The Marvelous Mrs. Maisel comes to an end with its fifth season.Created by Amy Sherman-Palladino, the comedy drama series follows 1950s New York housewife Miriam ‘Midge’ Maisel (Rachel Brosnahan) who decides to pursue a career in stand-up comedy.The series has become a critical darling since it began in 2017, winning 20 Emmys, including Outstanding Comedy Series in 2018, from 66 total nominations so far.Alongside Brosnahan, the show’s cast includes Alex Borstein, Michael Zegen, Marin Hinkle, Tony Shalhoub, Kevin Pollak, Caroline Aaron, Jane Lynch and Luke Kirby.Speaking during a Q&A in 2020 (via TVLine), Sherman-Palladino explained that they knew where they wanted to end the show from the beginning.“We don’t want to overstay our welcome,” she said.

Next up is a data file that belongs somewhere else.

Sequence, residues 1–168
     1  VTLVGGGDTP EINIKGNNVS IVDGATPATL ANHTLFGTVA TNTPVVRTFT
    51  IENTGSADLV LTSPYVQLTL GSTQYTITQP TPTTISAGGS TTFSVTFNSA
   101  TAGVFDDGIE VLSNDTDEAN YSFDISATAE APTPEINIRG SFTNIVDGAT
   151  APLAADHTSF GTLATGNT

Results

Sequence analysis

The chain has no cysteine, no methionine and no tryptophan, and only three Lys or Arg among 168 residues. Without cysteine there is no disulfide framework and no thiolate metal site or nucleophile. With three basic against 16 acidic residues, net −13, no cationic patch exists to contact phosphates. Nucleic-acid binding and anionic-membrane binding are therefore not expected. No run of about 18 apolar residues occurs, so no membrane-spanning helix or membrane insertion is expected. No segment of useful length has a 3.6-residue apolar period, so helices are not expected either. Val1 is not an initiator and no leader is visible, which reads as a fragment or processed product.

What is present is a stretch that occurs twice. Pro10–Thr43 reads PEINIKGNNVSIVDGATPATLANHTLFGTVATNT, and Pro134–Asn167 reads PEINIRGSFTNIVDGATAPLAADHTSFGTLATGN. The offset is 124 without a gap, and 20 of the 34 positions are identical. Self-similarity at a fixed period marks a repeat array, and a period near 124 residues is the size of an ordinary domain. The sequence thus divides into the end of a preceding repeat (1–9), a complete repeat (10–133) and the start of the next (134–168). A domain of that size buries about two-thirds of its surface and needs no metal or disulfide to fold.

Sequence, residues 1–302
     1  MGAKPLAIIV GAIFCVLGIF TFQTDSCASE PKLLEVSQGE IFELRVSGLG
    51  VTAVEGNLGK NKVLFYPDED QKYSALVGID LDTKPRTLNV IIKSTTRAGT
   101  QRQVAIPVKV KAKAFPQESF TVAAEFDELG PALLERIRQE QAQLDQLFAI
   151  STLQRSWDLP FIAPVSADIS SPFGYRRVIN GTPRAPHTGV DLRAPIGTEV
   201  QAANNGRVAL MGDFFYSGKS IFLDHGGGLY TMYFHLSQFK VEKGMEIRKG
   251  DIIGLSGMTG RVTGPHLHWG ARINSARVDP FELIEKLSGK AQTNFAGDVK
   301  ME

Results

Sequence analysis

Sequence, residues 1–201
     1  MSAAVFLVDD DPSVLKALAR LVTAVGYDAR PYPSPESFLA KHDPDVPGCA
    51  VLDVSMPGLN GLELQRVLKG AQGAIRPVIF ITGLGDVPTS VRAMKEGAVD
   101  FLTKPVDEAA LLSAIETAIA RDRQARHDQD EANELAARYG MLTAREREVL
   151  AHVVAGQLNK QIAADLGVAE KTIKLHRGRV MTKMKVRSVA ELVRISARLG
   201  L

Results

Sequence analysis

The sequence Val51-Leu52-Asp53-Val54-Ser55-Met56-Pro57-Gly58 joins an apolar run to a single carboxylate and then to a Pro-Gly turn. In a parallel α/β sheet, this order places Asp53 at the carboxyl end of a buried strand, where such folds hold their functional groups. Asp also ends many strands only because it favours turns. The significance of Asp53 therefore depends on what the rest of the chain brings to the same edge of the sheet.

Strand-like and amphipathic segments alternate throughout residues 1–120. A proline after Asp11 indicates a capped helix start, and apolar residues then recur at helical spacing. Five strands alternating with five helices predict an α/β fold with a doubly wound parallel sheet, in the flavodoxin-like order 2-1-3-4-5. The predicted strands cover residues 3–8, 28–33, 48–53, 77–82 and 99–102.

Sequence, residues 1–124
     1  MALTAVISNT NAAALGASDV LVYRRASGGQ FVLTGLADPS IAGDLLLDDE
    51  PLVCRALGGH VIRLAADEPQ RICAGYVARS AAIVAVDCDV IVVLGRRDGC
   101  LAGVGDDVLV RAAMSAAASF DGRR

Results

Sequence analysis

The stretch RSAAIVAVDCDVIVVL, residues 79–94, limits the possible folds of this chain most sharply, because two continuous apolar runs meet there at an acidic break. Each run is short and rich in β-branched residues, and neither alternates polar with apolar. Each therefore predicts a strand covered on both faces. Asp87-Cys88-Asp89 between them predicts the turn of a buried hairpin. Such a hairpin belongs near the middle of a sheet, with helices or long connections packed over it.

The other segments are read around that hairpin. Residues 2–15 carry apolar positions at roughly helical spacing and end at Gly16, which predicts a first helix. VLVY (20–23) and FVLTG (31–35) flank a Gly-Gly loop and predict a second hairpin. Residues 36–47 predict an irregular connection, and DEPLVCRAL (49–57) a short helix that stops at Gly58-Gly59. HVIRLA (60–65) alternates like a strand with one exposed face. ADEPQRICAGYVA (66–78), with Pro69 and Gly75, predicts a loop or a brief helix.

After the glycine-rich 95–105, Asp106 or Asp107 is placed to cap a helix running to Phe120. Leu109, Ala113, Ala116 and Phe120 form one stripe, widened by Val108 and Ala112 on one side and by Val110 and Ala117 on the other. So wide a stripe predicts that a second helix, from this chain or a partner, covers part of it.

Amon Warmann Guest Contributor Fantasy show composers Gustavo Santaolalla (“The Last of Us”), Bear McCreary (“The Lord of the Rings: The Rings of Power”) and Ramin Djawadi (“House of the Dragon”) knew going in that their respective projects had built-in audiences — and that those fandoms should be kept in mind while creating their scores. “The Last of Us” showrunners Neil Druckmann and Craig Mazin told Santaolalla that music needed to be “another character” for the HBO series adapted from the video game he previously scored. Rather than create new themes, Santaolalla organically transitioned the music to TV. The South American instrument called “the ronroco,” which he used to write “The Last of Us” theme, was integral in keeping that connectivity for fans who had experienced Joel (Pedro Pascal) and Ellie’s (Bella Ramsay) journey before.